Do you feel the quality of education in Nigeria adequately prepares medical professionals for the population they serve? Please explain

  • To some extent, yes. Nigeria is a developing country which is very rich in both human and natural resources, but due to poor and corrupt leadership, it’s medical practice is still very rudimentary. There are not enough hospitals and the few that exist are ill-equipped. A large percentage of the populace is living below the poverty line. So, the medical education is on par with the reality of the socioeconomic and political reality of Nigerian society. Here is an example: if a patient presented with a complaint of a persistent headache, here in the United States, a brain CT scan must be requested as part of the initial evaluation. The medical education in Nigeria and a host of other African countries will not teach that because of the socioeconomic situations of the vast majority of the populace (Remember, the majority of patients pay from their pockets because they lack medical insurance). Another example would be that in Nigeria, you would rather ask for a blood film for the malaria parasite because as they say “common things occur commonly”. It would amount to a total failure for any medical student in Nigeria to say that a brain CT scan will be his or her first line of investigation in a case of persistent headache.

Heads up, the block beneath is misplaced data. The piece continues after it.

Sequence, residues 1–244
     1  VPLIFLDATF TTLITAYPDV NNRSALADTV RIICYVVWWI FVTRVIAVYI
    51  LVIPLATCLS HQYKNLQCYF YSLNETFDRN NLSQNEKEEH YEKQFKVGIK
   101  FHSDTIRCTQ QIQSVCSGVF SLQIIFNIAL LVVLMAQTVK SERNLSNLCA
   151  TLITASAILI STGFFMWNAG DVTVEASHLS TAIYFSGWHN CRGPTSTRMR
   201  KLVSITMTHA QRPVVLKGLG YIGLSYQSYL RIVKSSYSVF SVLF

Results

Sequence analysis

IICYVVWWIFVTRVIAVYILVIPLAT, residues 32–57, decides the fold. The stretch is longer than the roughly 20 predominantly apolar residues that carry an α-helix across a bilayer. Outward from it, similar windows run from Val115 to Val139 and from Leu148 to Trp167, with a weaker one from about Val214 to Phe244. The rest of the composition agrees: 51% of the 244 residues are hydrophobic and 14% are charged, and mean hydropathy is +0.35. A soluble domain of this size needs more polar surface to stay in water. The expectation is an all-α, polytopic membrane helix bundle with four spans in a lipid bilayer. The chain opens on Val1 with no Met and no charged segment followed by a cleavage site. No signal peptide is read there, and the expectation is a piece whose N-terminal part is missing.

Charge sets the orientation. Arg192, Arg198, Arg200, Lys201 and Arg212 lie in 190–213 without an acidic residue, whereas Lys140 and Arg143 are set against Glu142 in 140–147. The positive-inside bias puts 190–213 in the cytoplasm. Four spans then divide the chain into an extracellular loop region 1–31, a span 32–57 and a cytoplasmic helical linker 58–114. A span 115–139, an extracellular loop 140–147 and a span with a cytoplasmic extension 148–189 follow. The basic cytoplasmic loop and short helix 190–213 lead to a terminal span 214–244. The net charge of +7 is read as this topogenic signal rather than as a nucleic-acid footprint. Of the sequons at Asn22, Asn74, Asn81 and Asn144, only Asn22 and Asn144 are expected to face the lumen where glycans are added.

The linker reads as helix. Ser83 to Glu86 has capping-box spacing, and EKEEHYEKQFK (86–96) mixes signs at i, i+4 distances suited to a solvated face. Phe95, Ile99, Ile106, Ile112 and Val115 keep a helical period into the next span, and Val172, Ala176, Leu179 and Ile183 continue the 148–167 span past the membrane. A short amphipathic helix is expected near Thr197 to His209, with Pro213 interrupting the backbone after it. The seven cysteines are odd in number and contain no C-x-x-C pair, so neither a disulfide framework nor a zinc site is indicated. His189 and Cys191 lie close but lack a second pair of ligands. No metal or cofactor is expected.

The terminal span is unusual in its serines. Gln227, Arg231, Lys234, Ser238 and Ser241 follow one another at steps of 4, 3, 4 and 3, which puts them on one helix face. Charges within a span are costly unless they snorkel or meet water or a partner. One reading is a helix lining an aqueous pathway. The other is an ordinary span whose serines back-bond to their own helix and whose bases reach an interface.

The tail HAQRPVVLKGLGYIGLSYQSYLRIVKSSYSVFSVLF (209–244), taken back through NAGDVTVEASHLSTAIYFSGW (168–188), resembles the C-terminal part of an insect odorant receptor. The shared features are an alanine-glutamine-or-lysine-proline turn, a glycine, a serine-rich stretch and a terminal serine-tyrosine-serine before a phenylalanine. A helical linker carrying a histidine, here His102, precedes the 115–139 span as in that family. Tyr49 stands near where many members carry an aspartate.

What incentives do you think would encourage those in healthcare to stay in-country?

  • Incentives to keep those in healthcare to stay in-country would be to provide opportunities for self development, increase job satisfaction by providing updated medical equipment and technology, and provide adequate and commensurate remuneration. All the above can only be achieved if there is transparent governance, so political reform to ensure responsive, transparent governance is fundamental to achieving these aims.

What do you believe is the most pressing issue in African healthcare today and how can it be improved?

  • The most pressing issue in African healthcare today is access to quality care which is compounded by a lack of qualified health workers. This is made worse by the continuing brain drain and poor socioeconomic situation created by bad leadership across Africa. Solutions to this myriad of problems will have to begin by ensuring transparent governance, stop/reduce the brain drain in the health sector, improve the conditions of service, train more health workers, build more clinics and hospitals, and improve the socioeconomic conditions of the people through gainful employment.


Boahene, Kofi. “How African Doctors Can Cure Medical ‘brain Drain'” CNN. Cable News Network, 16 Apr. 2013. Web. 16 Sept. 2013.